NW wool industry stalwarts truck on

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Cally DupeThe West Australian
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Terry Wilkinson, John Moore, Peter Letch, Doug Kennedy, Darryl Grey, David Sears and Barry Mainwaring with an old circa 1950's Bedford truck.
Camera IconTerry Wilkinson, John Moore, Peter Letch, Doug Kennedy, Darryl Grey, David Sears and Barry Mainwaring with an old circa 1950's Bedford truck. Credit: Simon Santi

They are the former shearers, wool classers and rouseabouts that braved the heat, isolation and warm beer of the North West.

And more than 50 years on they have still got a story to tell about an era known colloquially as “the truck days”.

Peter Letch was just a teenager from a sheep farm in Clackline when he packed up his life and went north to Fitzroy River in the Kimberley.

It was the start of a 54-year career in the wool industry, of which almost a decade was spent shearing across the Kimberley, Pilbara, Gascoyne and Murchison.

“We spent nine months travelling south, stopping in at various stations along the day,” he said.

“Riding the trucks was rough, dusty, hot, sometimes wet and cold. If it wasn’t any of those things it meant you were bogged.

“We pushed the trucks through water; in the early days we had to tie empty 44-gallon drums to the trucks and float them across the rivers.”

Before cattle dominated WA pastoral stations, mobs of up to 100,000 sheep were commonplace on big properties throughout the Kimberley, Pilbara and Gascoyne.

Each year, hundreds of men would board coastal steamers from Fremantle to start what would have been one of the toughest shearing runs in Australia.

Docking at Port Hedland, Broome and Derby between the 1920s and 1960s, the shearing teams would pile on to the back of trucks and travel from shed to shed.

Challenges involved pushing, pulling and wading across the rivers of the North West as well as battling soaring temperatures and isolation.

For some the runs would last up to eight months, while others would be away from home for years at a time.

The main contractors were Synott & Dunbar and Pastoral Labour Bureau.

Terry Wilkinson, 93, was one of 60 young men pulled out of the army and placed into a shearing team heading north in the early 1940s.

He boarded a coal steamer from Fremantle and spent two years working in WA’s north.

“It was more or less like being in camp ... it was real sticky heat, the bugs in the water nearly killed me,” he said.

“I wouldn’t drink my water bag until after dinner. I drank sweet black tea and it would be a half an hour before I could pick up the comb again.”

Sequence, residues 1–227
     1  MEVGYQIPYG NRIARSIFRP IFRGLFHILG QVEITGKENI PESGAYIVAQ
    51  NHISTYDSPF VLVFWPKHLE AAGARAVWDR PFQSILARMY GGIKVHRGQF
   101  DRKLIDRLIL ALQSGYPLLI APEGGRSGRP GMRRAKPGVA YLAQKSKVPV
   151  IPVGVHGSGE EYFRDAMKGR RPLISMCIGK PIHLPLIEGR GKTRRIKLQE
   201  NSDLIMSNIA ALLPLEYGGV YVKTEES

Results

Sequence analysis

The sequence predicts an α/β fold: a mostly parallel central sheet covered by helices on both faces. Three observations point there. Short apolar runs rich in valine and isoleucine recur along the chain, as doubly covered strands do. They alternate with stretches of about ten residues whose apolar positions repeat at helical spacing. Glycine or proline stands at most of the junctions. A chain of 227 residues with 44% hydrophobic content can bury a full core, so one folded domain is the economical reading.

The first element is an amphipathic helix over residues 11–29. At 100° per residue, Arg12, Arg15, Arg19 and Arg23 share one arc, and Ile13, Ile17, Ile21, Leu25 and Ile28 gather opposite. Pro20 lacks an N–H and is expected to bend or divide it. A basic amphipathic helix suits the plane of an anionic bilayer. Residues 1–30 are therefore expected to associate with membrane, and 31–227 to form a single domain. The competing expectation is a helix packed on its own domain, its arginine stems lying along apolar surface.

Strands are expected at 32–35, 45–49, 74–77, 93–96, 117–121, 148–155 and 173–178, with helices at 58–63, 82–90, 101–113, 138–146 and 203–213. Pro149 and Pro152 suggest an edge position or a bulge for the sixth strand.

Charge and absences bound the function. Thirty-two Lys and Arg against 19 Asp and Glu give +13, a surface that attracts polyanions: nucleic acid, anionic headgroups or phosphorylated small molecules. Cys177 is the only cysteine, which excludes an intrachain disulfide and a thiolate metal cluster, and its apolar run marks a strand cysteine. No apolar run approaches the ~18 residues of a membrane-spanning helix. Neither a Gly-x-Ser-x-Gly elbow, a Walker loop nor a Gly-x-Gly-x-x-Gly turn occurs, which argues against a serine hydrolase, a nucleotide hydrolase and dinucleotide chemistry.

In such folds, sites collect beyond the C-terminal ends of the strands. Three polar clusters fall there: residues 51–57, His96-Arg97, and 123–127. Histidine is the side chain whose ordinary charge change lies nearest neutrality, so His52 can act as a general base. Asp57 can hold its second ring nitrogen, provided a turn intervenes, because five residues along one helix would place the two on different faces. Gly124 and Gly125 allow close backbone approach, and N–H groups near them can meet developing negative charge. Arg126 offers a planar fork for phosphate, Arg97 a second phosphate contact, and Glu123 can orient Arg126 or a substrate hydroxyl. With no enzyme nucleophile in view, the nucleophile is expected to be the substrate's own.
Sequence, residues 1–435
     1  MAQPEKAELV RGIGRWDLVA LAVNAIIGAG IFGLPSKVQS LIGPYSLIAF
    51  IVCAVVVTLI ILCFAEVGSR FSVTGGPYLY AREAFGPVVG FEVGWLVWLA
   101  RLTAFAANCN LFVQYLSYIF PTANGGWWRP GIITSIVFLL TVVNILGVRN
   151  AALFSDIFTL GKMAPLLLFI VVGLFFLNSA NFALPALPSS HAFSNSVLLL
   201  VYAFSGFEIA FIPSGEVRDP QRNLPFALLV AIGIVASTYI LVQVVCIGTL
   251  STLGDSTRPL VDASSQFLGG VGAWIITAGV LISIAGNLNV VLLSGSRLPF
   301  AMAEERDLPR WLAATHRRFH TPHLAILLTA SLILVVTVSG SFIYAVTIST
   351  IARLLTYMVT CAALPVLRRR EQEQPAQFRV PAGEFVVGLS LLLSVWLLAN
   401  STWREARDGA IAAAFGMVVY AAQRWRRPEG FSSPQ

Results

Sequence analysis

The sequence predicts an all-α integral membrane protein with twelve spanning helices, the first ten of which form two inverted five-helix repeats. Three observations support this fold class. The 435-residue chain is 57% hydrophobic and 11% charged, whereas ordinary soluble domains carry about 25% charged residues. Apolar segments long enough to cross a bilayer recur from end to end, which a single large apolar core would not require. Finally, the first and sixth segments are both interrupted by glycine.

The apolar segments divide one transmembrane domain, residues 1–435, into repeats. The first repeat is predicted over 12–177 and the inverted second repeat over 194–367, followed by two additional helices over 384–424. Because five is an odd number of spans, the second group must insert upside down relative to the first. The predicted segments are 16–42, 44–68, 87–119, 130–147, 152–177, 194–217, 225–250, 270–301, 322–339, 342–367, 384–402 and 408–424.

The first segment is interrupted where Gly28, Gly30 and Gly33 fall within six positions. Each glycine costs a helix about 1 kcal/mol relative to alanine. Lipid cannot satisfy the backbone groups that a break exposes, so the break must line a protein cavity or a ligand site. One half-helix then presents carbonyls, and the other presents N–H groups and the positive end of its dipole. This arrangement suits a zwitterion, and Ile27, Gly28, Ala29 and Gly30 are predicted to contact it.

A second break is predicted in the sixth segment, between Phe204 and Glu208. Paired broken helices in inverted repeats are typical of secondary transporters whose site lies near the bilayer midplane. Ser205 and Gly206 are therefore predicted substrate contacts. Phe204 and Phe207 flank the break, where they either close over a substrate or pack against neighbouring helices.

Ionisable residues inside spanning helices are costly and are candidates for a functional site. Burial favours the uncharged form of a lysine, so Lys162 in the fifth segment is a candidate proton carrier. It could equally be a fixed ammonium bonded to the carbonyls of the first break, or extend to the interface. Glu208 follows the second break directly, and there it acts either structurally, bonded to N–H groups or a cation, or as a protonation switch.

Colonists first brought sheep to Australia in 1829 and in 1863 they were taken to the North West.

By the 1880s they had spread to the Kimberley and central regions.

In 1950, an estimated 50 million sheep inhabited WA and the State’s economy was said to “ride on the sheep’s back”.

Now, more than 30 years after the last sheep was dragged over the northern boards, a new film has been released to chronicle the history of shearing in the North West.

The 32-minute piece — Shearers: The Truck Days — was commissioned by the Shearers and Pastoral Workers Social Club.

It was created by local television production house Dingo Is Talent and producer Adrian Faure.

It features interviews with former shearers and old photos and footage from the time.

Some of those behind the film were reunited recently while visiting a 1948 Bedford shearers’ truck on display at Revolutions Transport Museum, Whiteman Park.

The truck is on permanent loan to the museum by the family of contractor Marc Synnot.

Museum curator Valerie Humphrey said the truck was purpose-built to be put on to ships.

“The truck was put on the ship at Fremantle, and would get off at Derby, and the team would get off and shear their way down the State,” she said.

“If it was a good season, they would be lucky to get back to Perth in time for Christmas.

“The shearers earned very much more than tradesmen, so the money was excellent and they put up with the deprivation for the money.”

For Mr Letch, his time as a shearer during the truck days are some of his fondest memories.

“I think it was the adventure of being out in the wild world,” he said.

“I was only a kid really and working with all these men.

“They were older and wiser they used to take the mickey out of you pretty well. There was a lot of camaraderie.”

Copies of the film are available at North West local government libraries and the Battye Library in Perth. It is also available to purchase on DVD through the SPWSC.

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